Zimbabwe News and Internet Radio

Tomana wants foreign judge

By Daniel Nemukuyu

Prosecutor-General Mr Johannes Tomana, who is locked up in a legal battle with the Judicial Service Commission (JSC), has requested a judge from outside Zimbabwe or a retired one to preside over his urgent chamber application to stop proceedings leading to his possible removal from office.

Zimbabwe's chief prosecutor Johannes Tomana (C) arrives at the Harare Magistrates court
Zimbabwe’s chief prosecutor Johannes Tomana (C) arrives at the Harare Magistrates court

Mr Tomana was recently served with letters from JSC seeking his views on his suitability to hold the office of the PG considering his defiance of two court orders.

Letters from JSC are steps towards instituting a disciplinary tribunal to determine Mr Tomana’s suitability to continue in the esteemed office.

Mr Tomana, through his lawyers Mambosasa Legal Practitioners, filed an urgent chamber application at the High Court last Thursday seeking to bar JSC from instituting any disciplinary proceedings against him.

Before the hearing time of the urgent chamber application, Mr Tomana’s lawyers wrote to the High Court requesting the court to first consider the issue of bringing in a foreign based judge or any other local judge who is not currently in service.

Mr Tomana argues that since he was objecting to the letter written by Chief Justice Godfrey Chidyausiku, his subordinates at the High Court were not the best judges to deal with the urgent chamber application.

In the letter to High Court judge Justice Lavender Makoni, Mr Tomana’s lawyers said a judge who is not serving in Zimbabwe can best handle the matter.

“It has consequently become imperative that this matter be dealt with by a judge who is not presently sitting in the High Court of Zimbabwe.

“The Constitution of Zimbabwe allows for the appointment of an acting judge. Precedent also shows that in related matters, judges have been appointed from outside the jurisdiction,” the lawyers said.

The lawyers said Mr Tomana will not get any justice if a judge serving at the High Court of Zimbabwe hears the application.

“We take the very strong view that arguing before you in light of this background would be an abdication of our duty both to the court and to our client,” the letter read.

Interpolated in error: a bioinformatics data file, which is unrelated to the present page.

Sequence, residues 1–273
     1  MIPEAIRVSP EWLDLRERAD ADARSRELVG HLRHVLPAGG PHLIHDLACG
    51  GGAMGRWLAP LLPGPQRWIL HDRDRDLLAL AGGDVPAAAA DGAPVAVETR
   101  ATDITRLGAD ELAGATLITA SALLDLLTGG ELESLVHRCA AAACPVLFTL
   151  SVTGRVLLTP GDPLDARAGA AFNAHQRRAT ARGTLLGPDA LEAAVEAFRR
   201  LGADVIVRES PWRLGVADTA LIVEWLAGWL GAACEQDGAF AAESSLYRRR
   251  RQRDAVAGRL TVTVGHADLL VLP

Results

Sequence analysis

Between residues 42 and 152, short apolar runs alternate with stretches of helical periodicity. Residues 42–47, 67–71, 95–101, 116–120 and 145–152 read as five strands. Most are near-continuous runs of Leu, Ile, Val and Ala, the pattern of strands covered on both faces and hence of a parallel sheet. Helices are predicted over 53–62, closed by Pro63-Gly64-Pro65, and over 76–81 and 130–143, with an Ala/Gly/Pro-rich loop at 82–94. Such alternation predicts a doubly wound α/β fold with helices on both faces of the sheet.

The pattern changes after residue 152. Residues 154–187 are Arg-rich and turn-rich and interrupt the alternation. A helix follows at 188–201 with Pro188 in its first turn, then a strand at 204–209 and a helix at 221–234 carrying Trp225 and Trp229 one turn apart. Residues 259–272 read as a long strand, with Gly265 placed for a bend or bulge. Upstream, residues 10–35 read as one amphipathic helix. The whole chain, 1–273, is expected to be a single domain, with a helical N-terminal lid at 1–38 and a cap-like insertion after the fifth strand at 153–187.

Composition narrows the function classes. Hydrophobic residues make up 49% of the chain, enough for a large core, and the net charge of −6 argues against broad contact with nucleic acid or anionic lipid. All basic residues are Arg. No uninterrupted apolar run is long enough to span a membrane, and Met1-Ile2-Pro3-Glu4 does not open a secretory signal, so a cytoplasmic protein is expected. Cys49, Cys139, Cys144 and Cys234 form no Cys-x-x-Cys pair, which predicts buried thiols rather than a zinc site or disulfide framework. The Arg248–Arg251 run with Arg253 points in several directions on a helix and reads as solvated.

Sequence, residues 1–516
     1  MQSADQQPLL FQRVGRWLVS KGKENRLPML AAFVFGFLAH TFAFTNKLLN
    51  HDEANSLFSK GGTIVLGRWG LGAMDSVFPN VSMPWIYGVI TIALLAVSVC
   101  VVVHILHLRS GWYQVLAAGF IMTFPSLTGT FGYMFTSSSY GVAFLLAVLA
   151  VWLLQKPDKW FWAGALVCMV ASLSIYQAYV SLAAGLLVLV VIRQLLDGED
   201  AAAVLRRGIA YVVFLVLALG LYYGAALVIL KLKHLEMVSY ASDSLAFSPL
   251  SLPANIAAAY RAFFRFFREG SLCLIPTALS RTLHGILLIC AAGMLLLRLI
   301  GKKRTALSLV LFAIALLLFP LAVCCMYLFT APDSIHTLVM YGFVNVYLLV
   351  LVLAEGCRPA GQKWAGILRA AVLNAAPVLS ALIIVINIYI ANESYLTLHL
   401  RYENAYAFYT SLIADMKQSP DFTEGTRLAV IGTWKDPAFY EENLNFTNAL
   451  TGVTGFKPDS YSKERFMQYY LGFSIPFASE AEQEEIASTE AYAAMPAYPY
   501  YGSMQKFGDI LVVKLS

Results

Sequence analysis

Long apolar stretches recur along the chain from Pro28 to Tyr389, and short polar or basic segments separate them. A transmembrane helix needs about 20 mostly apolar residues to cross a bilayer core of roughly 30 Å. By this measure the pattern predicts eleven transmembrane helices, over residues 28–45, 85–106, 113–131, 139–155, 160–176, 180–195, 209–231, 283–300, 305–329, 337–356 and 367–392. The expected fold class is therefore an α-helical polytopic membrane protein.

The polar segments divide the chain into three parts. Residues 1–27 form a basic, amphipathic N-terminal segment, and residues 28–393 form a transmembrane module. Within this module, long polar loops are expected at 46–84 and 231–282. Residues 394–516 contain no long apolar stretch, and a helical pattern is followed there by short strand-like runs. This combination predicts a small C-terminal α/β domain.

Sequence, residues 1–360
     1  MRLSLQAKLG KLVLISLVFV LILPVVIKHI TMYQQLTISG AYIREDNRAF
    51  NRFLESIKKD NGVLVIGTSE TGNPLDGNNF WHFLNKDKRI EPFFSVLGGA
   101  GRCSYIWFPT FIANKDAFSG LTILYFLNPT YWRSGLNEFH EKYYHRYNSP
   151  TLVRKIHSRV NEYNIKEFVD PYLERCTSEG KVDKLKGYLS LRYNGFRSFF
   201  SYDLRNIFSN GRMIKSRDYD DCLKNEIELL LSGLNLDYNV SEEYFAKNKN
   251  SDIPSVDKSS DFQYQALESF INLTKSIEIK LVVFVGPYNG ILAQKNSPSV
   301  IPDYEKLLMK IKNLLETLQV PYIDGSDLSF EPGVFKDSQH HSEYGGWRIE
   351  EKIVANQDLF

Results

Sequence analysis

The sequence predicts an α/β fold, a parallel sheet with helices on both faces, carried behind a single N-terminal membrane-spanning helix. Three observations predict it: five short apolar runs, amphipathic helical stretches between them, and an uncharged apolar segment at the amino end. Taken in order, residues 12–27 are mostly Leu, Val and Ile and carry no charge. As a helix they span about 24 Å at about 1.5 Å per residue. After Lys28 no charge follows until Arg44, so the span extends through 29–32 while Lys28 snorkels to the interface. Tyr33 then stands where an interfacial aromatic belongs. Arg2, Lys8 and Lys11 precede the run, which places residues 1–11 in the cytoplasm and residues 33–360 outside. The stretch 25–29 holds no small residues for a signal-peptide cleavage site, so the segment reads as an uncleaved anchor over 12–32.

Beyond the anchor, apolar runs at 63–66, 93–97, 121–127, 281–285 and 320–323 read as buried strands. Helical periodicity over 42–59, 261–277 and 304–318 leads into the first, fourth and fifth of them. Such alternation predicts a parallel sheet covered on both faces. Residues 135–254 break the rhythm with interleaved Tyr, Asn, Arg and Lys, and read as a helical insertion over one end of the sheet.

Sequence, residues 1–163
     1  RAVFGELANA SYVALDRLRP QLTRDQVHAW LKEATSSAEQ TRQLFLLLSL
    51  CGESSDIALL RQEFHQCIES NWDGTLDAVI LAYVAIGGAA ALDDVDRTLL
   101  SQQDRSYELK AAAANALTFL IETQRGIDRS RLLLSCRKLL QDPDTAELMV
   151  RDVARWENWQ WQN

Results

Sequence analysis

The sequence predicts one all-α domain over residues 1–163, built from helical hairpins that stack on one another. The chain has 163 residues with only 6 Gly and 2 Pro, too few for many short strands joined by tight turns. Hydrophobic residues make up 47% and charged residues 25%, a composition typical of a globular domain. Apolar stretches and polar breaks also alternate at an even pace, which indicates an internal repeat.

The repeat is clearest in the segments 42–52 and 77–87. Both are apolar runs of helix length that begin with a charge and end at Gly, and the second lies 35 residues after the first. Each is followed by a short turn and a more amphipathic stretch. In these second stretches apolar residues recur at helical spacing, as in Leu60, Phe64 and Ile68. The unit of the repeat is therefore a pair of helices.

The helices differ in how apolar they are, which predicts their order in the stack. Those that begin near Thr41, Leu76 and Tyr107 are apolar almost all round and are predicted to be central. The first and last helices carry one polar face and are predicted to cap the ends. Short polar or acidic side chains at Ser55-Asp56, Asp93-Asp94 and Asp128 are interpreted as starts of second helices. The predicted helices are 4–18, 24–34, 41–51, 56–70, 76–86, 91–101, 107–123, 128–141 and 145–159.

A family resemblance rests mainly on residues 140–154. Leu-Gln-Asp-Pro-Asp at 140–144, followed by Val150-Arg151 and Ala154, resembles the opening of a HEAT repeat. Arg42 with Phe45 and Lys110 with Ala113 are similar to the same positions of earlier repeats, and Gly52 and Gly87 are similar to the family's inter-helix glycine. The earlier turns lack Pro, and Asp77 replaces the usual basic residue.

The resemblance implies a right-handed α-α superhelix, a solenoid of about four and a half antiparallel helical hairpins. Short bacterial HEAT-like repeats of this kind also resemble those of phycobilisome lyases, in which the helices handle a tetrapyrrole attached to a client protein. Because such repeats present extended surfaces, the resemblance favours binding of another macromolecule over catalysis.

Justice Makoni postponed the hearing of the matter to next week.

Mr Tomana will depose an affidavit stating his basis for the request of an outside judge while Mr Addington Chinake, on behalf of the Judicial Service Commission, will file a response to that.

In the letter, Mr Tomana cited the decision by the Chief Justice to dismiss a constitutional application by a Harare man Mr Rooney Kanyama without hearing him in court.

According to the lawyers, the throwing away of Mr Kanyama’s challenge was deliberate way of weakening Mr Tomana’s pending urgent chamber application.

They said the Chief Justice, who turned down the application by Mr Kanyama, was the judiciary boss and his juniors (High Court judges) were likely to be compromised in dealing with the urgent chamber application.

The Judicial Service Commission bosses, who authored the contested letter to Mr Tomana and are party to the proceedings in the High Court, and the High Court judge will be put in a difficult position handling the urgent application.

“It has become clear that contrary to all acceptable standards, the application by Mr Kanyama was placed before a judge of the Constitutional Court when it was less than a day old.

“An ambiguous remark has been given without jurisdiction.

“You will notice that the actions of the very same officials involved in the generation of this objectionable letter are also at the core of this application before you.

“It does not help matters that for all intents and purposes the very same officials are the superiors of all judges of the High Court which regrettably Judge, also includes yourself.

“The developments put you on a direct collision course with your superiors. Alternatively, it ties your hands at the instance of your superiors who are party to the matter before you,” reads the letter.